The Worlds We Leave Behind
Published: August 4th 2022 by Bloomsbury – Illustrations by Levi Pinfold (Illustrator)
Rating: ★★★★ (4)
Genre: Middle Grade // Illustrated, Fantasy
Quick Thoughts: A warm, thought-provoking, nostalgically autumnal read that felt like a true classic.
About The Book:
From acclaimed author and illustrator pair A.F. Harrold and Levi Pinfold comes another powerful and poignant story about friendship, betrayal, and redemption.
Hex doesn’t know why he does the things he does-why he sometimes stands up in class to look out the window or ask an unrelated question or do a little dance. He also doesn’t know why he threw the rock that day in the woods. He didn’t mean for the girl to fall and break her arm. But he’s blamed anyway.
Enraged at how unfair life is, Hex runs into the woods and finds himself in a strange clearing-a clearing that can’t possibly exist-where a strange old woman offers him a deal: she’ll rid the world of those who wronged him. All he has to do is accept and they’ll be forgotten, forever. But what Hex doesn’t know is that someone else has been offered the same deal.
When Hex’s best friend Tommo wakes up the next day, something feels wrong. Half-whispered memories tug at his brain, making him think that something-or someone-is missing from his life. Can Tommo put the world back the way it was? Or can he find a way to make a new world that could be better for them all?
This unforgettable story, complete with lush black-and-white illustrations throughout, explores how we can find the strength to face down monsters: in the darkness, in our friends, and in our selves.
Every once in a while, a book like The Worlds We Leave Behind comes along and makes me want to read it into the night. I’m not a reader of Middle Grade, and only infrequently Illustrated reads, but something about this seemed so magnetic—when the chance arose, I jumped at it to read it.
Hector, or Hex, is a mystery to even himself. Sometimes he does things and says things he doesn’t mean to, and it can get him in trouble. After an incident where a girl gets hurt, a time when he makes a silly mistake that he doesn’t mean, it casts a bad light over him with the heavy shadow of blame. Mad at the world, himself and life in general, Hex escapes to the woods for clarity. But when he stumbles upon an old woman in a cottage, one that offers him a hefty deal on a platter that seems intriguing—that she has the power to wipe the world of those who had wronged him—Hex can’t quite believe it. All he’d have to do is accept and they’ll be forgotten about forever.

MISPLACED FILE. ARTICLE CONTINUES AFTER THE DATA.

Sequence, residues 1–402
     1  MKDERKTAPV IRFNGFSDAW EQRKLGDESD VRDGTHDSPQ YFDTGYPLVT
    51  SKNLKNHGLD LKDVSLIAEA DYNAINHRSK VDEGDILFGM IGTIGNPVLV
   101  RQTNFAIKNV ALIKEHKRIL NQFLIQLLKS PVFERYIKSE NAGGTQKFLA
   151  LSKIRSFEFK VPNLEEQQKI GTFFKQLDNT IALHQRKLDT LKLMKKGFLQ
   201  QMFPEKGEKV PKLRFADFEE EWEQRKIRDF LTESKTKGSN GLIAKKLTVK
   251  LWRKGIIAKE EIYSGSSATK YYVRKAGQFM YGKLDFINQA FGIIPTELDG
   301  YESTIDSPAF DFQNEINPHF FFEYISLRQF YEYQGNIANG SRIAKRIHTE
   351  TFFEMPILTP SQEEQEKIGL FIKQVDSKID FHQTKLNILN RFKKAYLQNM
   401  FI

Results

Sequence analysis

But unbeknownst to Hex, someone else has been given that same very offer—and that changes everything. Including his best friend Tommo, who wakes up the next day and feels like something is very different, and very wrong. Something keeps telling him that there’s a figure missing from his life, and when whispers of someone named Hector keep arising in his brain, Tommo can’t ignore the way something deep in him knows something isn’t right. But putting life back to the way it was is hard enough without his best friend—and maybe putting things back in the same exact way isn’t an option, but he knows that somehow, he needs to fix what the darkness has changed before it’s all gone forever.
Overall, The Worlds We Leave Behind was something of a marvel. It weighed heavily on the impacts of learning lessons, doing the “right” thing, and how friendship is only as strong as the people that fight for it. Not only did I find the illustrations unnervingly beautiful, but the writing, too. It was such a warm, thought-provoking, nostalgically autumnal read that felt like a true classic fairytale. Four stars!
Thank you to Bloomsbury/Nina Douglas for the most beautiful package!
A.F. Harrold is an English poet. He writes and performs for adults and children, in cabaret and in schools, in bars and in basements, in fields and indoors. He was Glastonbury Festival Website's Poet-In-Residence in 2008, and Poet-In-Residence at Cheltenham Literature Festival in 2010. He won the Cheltenham All Stars Slam Championship in 2007 and has had his work on BBC Radio 4, Radio 3 and BBC7. He is active in schools work, running workshops and slams and doing performances at ungodly hours of the morning, and has published several collections of poetry. He is the owner of many books, a handful of hats, a few good ideas and one beard